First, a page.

Memphis cotton merchant Joe Nicosia, CEO of Allenberg Cotton Co., told producers attending the Mid-South Farm and Gin Show in Memphis that even though the impact of index funds on the market continues to baffle objective analysis, the outlook for cotton is rosy for 2009-10.
For the past couple of years, there has been a familiar theme in the U.S. cotton outlook, according to Nicosia. Cotton production ends up much higher than early estimates, while exports end up disappointing from early-year projections, driving ending stocks higher (current year ending stocks are estimated at 8.7 million bales).
In the world, there's also a theme. China's cotton production is consistently understated by an average of 3 million bales annually, while its cotton consumption is consistently overstated. “At the same time, China is making a huge commitment to man-made fiber,” Nicosia said.
“Another problem we're having in the export market is competition, mainly from India and Brazil. The Indian crop has steadily outpaced consumption for the last several years, and today they are the second largest producer in the world. They are also the second largest exporter in the world.”
Nicosia added that India's cost per acre of producing cotton is the cheapest in the world at $77 per acre. “Texas is also extremely competitive at $171 per acre.”
Meanwhile, a new prosperity is moving into agriculture, driven by the food for fuel equation. “That is what is driving the entire change in the world today. We are essentially burning food. We're burning so much of it, it's changing the dynamics of agriculture around the world.”
With cotton competing with corn and beans for acres, one solution is to follow the European Union's lead, according to Nicosia. “Since 1988, the EU has had a 10 percent mandatory set-aside. Last year, in response to tight grain supplies, the EU reduced that rate to zero. I hardly ever agree with anything the EU does, but this was one smart thing. They finally responded to the marketplace the way they should have. Yet at the same time, the United States continues to idle this land and not allow it to go into production.
“Repercussions include the loss of additional farm income. The marketplace is crying for your production, and it wants to pay you for it. We could also have a loss of global marketshare. When the EU plants 10 percent more wheat, they're going to turn around and sell that on the open market. Who's going to buy it, your customers? They're taking marketshare.”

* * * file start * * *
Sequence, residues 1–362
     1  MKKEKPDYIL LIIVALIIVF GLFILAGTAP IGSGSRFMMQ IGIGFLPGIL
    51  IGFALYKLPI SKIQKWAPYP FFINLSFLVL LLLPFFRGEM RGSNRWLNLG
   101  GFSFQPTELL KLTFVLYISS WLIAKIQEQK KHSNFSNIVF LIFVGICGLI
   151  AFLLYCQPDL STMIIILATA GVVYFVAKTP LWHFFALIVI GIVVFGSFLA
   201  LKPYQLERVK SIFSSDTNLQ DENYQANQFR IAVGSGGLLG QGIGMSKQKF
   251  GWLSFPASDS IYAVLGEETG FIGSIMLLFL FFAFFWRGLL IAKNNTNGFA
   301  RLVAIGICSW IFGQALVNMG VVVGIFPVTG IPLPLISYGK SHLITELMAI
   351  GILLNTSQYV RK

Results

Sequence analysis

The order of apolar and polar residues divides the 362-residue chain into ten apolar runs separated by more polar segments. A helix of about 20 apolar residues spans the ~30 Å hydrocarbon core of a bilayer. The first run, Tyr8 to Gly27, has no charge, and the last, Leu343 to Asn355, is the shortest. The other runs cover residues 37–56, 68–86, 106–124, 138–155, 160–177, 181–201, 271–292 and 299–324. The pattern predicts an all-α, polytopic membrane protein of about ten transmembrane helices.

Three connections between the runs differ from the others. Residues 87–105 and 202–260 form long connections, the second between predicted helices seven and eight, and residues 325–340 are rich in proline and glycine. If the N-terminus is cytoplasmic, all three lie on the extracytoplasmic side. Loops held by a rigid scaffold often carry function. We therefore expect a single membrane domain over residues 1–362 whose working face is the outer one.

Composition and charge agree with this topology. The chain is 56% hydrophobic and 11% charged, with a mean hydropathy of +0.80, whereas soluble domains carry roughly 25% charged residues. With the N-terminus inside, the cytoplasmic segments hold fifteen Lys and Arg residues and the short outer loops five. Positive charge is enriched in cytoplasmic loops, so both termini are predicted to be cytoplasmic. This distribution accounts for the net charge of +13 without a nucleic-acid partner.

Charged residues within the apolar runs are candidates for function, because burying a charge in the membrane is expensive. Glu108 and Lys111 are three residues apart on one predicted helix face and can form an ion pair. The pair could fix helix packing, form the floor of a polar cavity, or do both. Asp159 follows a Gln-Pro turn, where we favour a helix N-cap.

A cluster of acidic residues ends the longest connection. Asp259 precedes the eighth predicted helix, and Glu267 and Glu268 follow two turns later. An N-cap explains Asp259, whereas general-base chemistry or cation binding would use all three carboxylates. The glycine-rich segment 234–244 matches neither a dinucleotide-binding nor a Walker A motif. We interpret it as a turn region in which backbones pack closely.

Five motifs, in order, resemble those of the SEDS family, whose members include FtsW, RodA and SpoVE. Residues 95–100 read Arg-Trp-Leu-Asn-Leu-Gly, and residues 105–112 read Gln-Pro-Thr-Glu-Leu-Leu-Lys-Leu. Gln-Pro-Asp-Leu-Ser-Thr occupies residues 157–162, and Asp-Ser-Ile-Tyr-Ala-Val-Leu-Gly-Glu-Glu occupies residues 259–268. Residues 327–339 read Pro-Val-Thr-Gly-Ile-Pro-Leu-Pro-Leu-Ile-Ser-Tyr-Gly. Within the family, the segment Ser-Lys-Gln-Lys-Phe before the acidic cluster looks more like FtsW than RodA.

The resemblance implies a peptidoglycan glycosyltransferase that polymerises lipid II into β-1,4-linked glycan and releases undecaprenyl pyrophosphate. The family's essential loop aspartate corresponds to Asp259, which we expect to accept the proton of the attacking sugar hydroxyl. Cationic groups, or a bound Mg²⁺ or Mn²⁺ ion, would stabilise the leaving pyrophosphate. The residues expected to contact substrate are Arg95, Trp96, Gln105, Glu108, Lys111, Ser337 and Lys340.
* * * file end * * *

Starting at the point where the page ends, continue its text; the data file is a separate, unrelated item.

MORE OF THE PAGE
Opening up CRP could also provide an economic stimulus at a time when a U.S. recession threatens to slow down mill use in China. “Today we know the economy is struggling. We surely could use multiple billions of dollars of economic activity today by increasing our agricultural output. All of this points to moving a certain percent of the 34 million acres into production.”
Nicosia urged cotton producers to look at more than futures charts when figuring out their crop mixes for 2008. “The futures chart doesn't say anything about yield increases. We're growing 33 percent more cotton than we were five years ago. So the price of cotton can be 33 percent lower and still be even. At the same time, the price of cottonseed and/or rebates you receive are also higher.”
Hang on long enough and prices are going to compete with those of corn and soybeans, Nicosia said. “In 2009, we start to tighten the balance sheet. We have lower acreage this year, which will decrease our crop size. If we have crop problems somewhere else, it could get interesting. Cotton is going to have to rise to a certain level to compete with the other crops.
“The function of the market is to provide carry on the board spreads in the futures markets,” Nicosia said. “The front end of the market is being driven up by the funds with absolutely no demand for cotton. The best bid we've gotten out of China today is 6 to 9 cents below where the market is.
“At the same time, there is this fear that sometime down the road, we're going to run out of cotton, that the drop in acreage is going to create a tightness. So the front end prices are going to have to stay defensive to try to sell, and the deferred prices are going to have to go higher.
“To me, if you want to be long cotton, don't be long in the spot month. Roll it out to the deferred levels and that's where you're going to take your real values. But it's difficult to tell a producer what his cotton is worth today because the futures have divorced from the cash price. Some of you may not be able to get a bid today for your cotton. I would not be surprised to see cotton futures trade beyond full carry.”
Nicosia says there's good news down the road for cotton producers. “Don't sell your equipment, you're going to need it. Last year, we told you you were getting invited to the party going on in the agricultural community. In a year from now, the party will just be getting started.”
Nicosia projects world cotton area will be unchanged from last year, but with higher yields, cotton production will grow from 116 million bales to 121 million bales, with the majority of the increase coming from India, Australia and West Africa.
Nicosia pegged world cotton consumption at 128.5 million bales, an increase of 4.2 million bales over the previous year. “We're just going to hold tight, because there is a bit of a downside to that number, as some mills are having to struggle with the cotton prices they're having to pay.”
Nicosia believes U.S. exports this marketing year could fall even further from current USDA estimates of 15.7 million bales to 15 million bales or lower. Nicosia projects a U.S. crop of 15.2 million bales this year.